Crossing into Bolivia we found ourselves standing in the ‘Category 3 Nations’ line (for countries like North Korea and Pakistan.) Why on earth is our relationship with tiny Bolivia such that we would be in this ‘special’ line? US passport holders are members of a fortunate club including some other favored nations which make visa free travel to a large number of countries easy and hassle free- until it isn’t. We waited in this line for a few hours to dish out our dough and documents. The other EU, Canada and Australia passport holders breezed through their own line each $160 richer than us as they entered Bolivia. Each of the $320 in US notes we paid to the immigration officer was inspected thoroughly since they wanted only clean (no marks whatsoever) bills. A tiny smudge on a $20 bill would just not due
When it was time to fill the tank with petrol, we stopped at a few gas stations and were told they wouldn’t sell to foreigners. When we finally did fill up the price per liter was three times the price paid by Bolivians (about $5 per gallon). When the government sets such a precedent it would only seem natural that locals would sell a bottle of water (or anything else) to us for inflated prices as well. A two tiered pricing structure exists in a lot of places and we’ve experienced it along the way on this journey. We understand it to a point but we don’t like it. We’ve tried to rationalize with, “Gosh, in the States the surcharge that shopkeeper is levying upon us would only be $1 or $2 so what’s the big deal?” It becomes a bigger deal the longer we travel and additionally, we’re not in the US, we’re in Bolivia or Peru or wherever. It is important to think in the economic terms relative to our location, not to our homeland thousands of miles away.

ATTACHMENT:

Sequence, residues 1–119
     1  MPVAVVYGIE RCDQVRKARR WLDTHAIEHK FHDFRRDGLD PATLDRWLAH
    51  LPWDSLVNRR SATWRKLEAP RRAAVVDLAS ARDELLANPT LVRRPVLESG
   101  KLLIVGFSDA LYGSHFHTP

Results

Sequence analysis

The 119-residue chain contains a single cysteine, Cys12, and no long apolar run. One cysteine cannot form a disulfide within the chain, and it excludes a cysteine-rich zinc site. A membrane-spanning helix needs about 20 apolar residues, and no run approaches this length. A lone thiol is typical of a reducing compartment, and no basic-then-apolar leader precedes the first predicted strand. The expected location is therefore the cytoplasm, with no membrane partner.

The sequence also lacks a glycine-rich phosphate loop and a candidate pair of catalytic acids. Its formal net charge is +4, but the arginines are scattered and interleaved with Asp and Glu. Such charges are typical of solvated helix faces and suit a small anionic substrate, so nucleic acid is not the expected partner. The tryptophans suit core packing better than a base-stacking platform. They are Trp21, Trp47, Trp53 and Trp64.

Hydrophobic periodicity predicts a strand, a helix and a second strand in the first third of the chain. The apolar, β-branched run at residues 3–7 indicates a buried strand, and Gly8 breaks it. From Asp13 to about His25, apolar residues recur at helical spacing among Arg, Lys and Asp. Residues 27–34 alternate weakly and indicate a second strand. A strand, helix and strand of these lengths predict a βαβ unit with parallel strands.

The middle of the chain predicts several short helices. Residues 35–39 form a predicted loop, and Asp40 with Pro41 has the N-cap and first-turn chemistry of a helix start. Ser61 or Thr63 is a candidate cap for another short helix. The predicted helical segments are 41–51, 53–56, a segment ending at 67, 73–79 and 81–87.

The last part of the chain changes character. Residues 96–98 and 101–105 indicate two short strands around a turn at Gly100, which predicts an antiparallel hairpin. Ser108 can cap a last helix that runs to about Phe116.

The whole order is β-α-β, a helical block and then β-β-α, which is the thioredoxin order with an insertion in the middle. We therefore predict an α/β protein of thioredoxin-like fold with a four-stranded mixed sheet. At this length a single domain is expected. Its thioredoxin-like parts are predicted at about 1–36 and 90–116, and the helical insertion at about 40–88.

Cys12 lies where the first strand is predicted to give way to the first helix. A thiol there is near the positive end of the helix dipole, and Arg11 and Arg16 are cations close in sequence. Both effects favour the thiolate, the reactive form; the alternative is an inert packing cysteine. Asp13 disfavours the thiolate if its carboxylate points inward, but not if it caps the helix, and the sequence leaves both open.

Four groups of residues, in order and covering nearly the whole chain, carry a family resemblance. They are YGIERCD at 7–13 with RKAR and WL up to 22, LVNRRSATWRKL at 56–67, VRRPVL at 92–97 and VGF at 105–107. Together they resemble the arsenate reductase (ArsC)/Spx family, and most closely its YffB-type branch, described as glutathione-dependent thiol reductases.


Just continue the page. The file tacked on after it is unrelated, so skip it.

With this being said we reached Copacabana on the Bolivian side of Lake Titicaca. We’ve gotten used to these high elevations (over 12,500 ft) and it’s just a way of life for the inhabitants. The small crumbling colonial town Sorata resting on a hillside in a valley beneath the snow-capped peaks of Illampu (6368m/20,887ft) and Anchohuma (6427m/21,080ft) was our next stop for some hiking or just R & R. As we descended 4,000 ft on unending switchbacks we dropped into the town unceremoniously. Finding our way to the town square, the usual place to begin a hotel search we inched Amelia into the weekly market area only to realize too late that the road encompassing the square was in fact closed. Indigenous women spread their vegetables and other goods of sale about on the road in front of us. We were trapped in our awkwardly large and foreign vehicle surrounded by annoyed, staring eyes. Oops. The third hotel we inspected was acceptable and when we asked the proprietor if she had secure parking for our large vehicle, she replied, “the blue one?” She had watched our entrance into the town square along with everybody else in town.
When the market cleared enough for us to move the truck up the narrow one lane cobbled road to our parking garage, we once again as in so many of the colonial towns we’ve encountered had to perform vehicle gymnastics to make the tight turn radius into the driveway. With cars honking their horns from both directions, one vehicle driver resigned himself to back out, we knocked over a young girl’s point of purchase display of trinkets and nearly ran over an elderly, tiny indigenous woman curiously squeezing the bicycle tires as we attempted to seize the moment amid the mass confusion to back up. Forgetting about the hiking, we just needed to relax for a couple of days until the dreaded moment we would need to exit the garage and go through that all again.